This issue of Passages North transports readers in all directions to many destinations where memory is immediate and present and history is imminent and alive. The opening pages are home to the winners and honorably mentioned of the 2012 Fiction Prizes. The winning stories convey readers down corridors of metaphor and into realms of secrecy. Traci Brimhall’s story, “After the Flood the Captain of the Hamadryas Discovers a Madonna,” the winning entry of the short-short fiction category, is a poetic work of prose that clarifies with its ambiguity and wonderment. The opening paragraph immediately draws us in:
He pulled everything he could save out of the water—canoes snarled in tree roots, bruised mangoes, cans of chilies, crates and crates of plantains splitting from their tough yellowed skins—before he found her upside down in a kapok tree, robed in mud and fish bones, a woman’s floral underwear wrapped around her feet.
We know what is happening and we don’t, and in three additional paragraphs we have a story, an allegory, that pushes and pulls us toward meaning.
The two honorably mentioned stories, “Girl” by Nahal Jamir and “Dirty Girl” by Rochelle Hurt, are short works that encapsulate a cosmos on each page that is graced with sentences such as, “She tells me the dirt is red because it’s soaked with elephant’s blood,” and, “Two weeks with Miss Alice still tilling and planting, and I got to doing it almost every night, sometimes taking two fistfuls of dirt when I surfaced, and rubbing it on my bare arms, my chest, my neck—never my belly, at first.” These stories are quick reads, yes, but readers will want to re-read them for the concentration of metaphors and symbols found in the tightly knit prose.
The winner of the Waasmode Fiction Prize, Karin C. Davidson, has written a story so well constructed that it entraps the reader into the world of Meli and Sam Henrikson, a young married couple in Tulsa to see a horse they have bought only to find that what they expected is not the reality. The story is a 12-part narrative of love and loss and the realities of wanting what can never be. Sam, the narrator, describes his and Meli’s first kiss: “I was gone. That was it. As clichéd as it sounds, I was carried off to a place unreal and confounding, one I never wished to lose hold of.” This narrative voice carries the reader through a plot that is at once real and unreal, leaving the reader landing somewhere between the two.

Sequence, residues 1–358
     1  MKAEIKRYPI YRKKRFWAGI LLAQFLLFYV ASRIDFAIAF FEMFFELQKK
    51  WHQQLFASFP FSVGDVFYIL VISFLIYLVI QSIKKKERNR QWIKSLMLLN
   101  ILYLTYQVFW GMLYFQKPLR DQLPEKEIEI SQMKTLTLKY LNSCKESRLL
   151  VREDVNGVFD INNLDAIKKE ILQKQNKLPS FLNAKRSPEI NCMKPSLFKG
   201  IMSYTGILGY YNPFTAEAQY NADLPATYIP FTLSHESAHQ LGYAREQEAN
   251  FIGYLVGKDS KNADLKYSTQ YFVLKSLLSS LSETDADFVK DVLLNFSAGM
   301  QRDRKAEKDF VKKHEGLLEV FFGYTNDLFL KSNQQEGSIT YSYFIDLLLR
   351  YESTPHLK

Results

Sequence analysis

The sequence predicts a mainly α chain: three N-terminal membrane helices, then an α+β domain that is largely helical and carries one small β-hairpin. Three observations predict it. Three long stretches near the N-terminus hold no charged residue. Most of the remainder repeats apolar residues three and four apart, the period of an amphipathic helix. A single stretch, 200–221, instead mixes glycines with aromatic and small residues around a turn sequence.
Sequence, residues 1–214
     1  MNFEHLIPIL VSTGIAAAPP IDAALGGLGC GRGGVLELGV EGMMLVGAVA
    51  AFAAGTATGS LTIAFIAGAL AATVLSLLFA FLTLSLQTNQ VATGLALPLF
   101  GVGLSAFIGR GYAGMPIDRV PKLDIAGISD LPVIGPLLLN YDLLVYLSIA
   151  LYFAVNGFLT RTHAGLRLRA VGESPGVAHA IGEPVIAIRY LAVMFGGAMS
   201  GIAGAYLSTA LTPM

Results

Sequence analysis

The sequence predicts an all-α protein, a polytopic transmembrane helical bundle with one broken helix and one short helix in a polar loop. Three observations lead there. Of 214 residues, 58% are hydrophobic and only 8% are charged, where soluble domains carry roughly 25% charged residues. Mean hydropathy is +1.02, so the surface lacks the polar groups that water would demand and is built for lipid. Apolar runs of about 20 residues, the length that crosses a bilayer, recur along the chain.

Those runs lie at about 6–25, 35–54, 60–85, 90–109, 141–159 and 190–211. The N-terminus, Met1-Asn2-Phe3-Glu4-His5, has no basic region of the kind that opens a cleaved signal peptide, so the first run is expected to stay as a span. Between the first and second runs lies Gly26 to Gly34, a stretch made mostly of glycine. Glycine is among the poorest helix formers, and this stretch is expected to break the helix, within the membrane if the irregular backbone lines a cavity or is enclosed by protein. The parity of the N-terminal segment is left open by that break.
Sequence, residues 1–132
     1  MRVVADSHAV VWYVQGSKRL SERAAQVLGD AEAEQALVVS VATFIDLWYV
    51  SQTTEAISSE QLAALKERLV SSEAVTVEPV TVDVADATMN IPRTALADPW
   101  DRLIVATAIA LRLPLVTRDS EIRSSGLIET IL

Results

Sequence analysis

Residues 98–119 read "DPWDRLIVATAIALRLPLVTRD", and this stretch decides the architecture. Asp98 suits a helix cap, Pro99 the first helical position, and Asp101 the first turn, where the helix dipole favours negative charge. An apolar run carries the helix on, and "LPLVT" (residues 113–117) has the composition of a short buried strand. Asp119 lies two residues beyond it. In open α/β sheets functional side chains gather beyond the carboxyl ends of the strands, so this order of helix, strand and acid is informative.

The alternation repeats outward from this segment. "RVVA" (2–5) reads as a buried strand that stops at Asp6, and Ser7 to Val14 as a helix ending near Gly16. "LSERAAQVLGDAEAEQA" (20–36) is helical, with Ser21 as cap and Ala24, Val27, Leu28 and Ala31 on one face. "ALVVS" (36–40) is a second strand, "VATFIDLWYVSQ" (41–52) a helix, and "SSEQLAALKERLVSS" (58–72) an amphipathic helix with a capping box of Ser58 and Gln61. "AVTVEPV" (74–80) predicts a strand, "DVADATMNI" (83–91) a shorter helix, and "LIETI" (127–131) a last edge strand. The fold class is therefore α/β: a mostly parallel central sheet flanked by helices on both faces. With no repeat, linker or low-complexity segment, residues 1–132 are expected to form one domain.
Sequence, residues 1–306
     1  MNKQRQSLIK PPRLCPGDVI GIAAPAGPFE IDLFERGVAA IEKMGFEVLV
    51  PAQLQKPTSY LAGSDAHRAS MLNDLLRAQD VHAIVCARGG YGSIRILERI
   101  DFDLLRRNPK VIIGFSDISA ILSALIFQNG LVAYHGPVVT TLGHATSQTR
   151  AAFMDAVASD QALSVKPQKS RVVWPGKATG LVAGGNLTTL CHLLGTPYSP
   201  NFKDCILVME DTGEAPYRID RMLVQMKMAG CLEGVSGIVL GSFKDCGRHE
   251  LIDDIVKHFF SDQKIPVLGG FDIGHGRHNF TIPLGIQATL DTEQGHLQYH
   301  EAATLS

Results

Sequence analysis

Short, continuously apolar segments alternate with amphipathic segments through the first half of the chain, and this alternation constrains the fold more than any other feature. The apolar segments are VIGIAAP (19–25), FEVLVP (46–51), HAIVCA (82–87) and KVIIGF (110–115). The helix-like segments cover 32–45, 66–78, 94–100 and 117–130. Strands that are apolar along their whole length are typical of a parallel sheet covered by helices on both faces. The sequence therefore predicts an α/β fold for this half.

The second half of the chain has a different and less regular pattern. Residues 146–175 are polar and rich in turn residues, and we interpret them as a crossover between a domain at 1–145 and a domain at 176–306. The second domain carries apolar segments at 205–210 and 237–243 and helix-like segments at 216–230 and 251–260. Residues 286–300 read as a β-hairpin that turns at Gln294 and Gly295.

The hybrid essays featured in this issue are a delightful mix of quotations, footnotes, lists, voices, excerpts, shifting points of view, poems, and prose pieces. Emma Ramey’s “When You Take Your Waking Slow” is a journey into dreams written in the second person; the reader is involved, is “you,” is left unfastened by the descriptions of sleeping and waking and nods at sentences such as “All you know is that you don’t mind finding a wolf in bed with you, even if it is in your dreams,” and, “There was an owl, once, that flew toward you as you slept in a field.” This hybrid piece is mesmerizing with a tone of danger.
Equally hypnotic is Kristin Abraham’s “Pink Jesus (Or, Budget Truck to Zion)” with its alternating voices and clarifying footnotes. The speaker of this piece struggles with the nature of sin:
Of course it is sinful to use good people who are doing what they believe in, people who are so full of hope that they want to try to show me the way and change my life.
Hence, the guilt.
Is it a sin if I’m not sure I believe in sins? Is it even possible to rob someone of language? If not, then I’m not really sinning, am I?
The poetry selections could make up an issue of their own and are worth spending an afternoon with from Oliver de la Paz’s “Nocturne with a Body Beside a Hive” which bestows a sweet, cruel nectar of words (“And the nectar is sweet as it is cruel.”), to David Lewitzky’s four poems on dance and poetry, one in which he tells us, “I Watusi’d on the shoreline of that sea of love, / That narcissistic, tideless, lifeless sea.”
In this issue, readers will find poems that make the ordinary extraordinary. David Cazden’s “Driving from the Vet” bequeaths moments after losing a pet with “A sandalwood box / rides on the passenger seat, / holding a plastic baggie of ash.” “TV Guide,” by CM Pretorius, compares a couch to “Our gondola, down the Grand / Canal of dreams, slowly rocking / To the flashing stirring of echoes,” a perfect poetic recreation of a familiar experience. Reading these and other poems included in this issue will alter a reader’s existence with their power to transform.
Reading through the pages of this issue, readers are met with genres familiar to them and one, the hybrid essays, that confounds, which seems to be the thematic streak running through all of the selections. Advice to readers: Stay close to this issue and absorb all you can.